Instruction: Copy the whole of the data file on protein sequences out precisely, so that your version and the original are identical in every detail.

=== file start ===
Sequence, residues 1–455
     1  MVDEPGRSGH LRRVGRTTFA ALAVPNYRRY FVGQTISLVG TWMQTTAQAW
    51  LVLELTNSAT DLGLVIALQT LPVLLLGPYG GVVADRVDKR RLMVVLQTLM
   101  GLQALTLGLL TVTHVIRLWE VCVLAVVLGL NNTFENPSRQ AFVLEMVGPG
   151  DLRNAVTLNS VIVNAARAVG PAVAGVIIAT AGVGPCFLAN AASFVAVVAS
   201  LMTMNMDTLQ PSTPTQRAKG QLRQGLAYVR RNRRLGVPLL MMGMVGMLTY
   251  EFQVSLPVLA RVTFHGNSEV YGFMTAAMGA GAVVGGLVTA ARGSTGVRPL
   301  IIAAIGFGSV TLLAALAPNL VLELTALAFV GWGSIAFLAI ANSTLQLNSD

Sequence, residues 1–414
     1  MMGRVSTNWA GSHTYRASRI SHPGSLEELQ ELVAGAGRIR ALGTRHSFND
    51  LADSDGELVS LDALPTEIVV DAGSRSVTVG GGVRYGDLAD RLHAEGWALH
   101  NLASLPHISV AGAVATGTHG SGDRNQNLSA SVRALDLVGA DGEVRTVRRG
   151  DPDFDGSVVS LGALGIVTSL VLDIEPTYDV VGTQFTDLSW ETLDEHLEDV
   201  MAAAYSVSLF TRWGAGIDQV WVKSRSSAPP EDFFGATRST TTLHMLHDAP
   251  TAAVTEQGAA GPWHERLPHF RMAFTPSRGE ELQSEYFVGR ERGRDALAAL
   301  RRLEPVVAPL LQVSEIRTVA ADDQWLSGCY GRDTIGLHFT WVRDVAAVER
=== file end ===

Sequence, residues 1–455
     1  MVDEPGRSGH LRRVGRTTFA ALAVPNYRRY FVGQTISLVG TWMQTTAQAW
    51  LVLELTNSAT DLGLVIALQT LPVLLLGPYG GVVADRVDKR RLMVVLQTLM
   101  GLQALTLGLL TVTHVIRLWE VCVLAVVLGL NNTFENPSRQ AFVLEMVGPG
   151  DLRNAVTLNS VIVNAARAVG PAVAGVIIAT AGVGPCFLAN AASFVAVVAS
   201  LMTMNMDTLQ PSTPTQRAKG QLRQGLAYVR RNRRLGVPLL MMGMVGMLTY
   251  EFQVSLPVLA RVTFHGNSEV YGFMTAAMGA GAVVGGLVTA ARGSTGVRPL
   301  IIAAIGFGSV TLLAALAPNL VLELTALAFV GWGSIAFLAI ANSTLQLNSD

Sequence, residues 1–414
     1  MMGRVSTNWA GSHTYRASRI SHPGSLEELQ ELVAGAGRIR ALGTRHSFND
    51  LADSDGELVS LDALPTEIVV DAGSRSVTVG GGVRYGDLAD RLHAEGWALH
   101  NLASLPHISV AGAVATGTHG SGDRNQNLSA SVRALDLVGA DGEVRTVRRG
   151  DPDFDGSVVS LGALGIVTSL VLDIEPTYDV VGTQFTDLSW ETLDEHLEDV
   201  MAAAYSVSLF TRWGAGIDQV WVKSRSSAPP EDFFGATRST TTLHMLHDAP
   251  TAAVTEQGAA GPWHERLPHF RMAFTPSRGE ELQSEYFVGR ERGRDALAAL
   301  RRLEPVVAPL LQVSEIRTVA ADDQWLSGCY GRDTIGLHFT WVRDVAAVER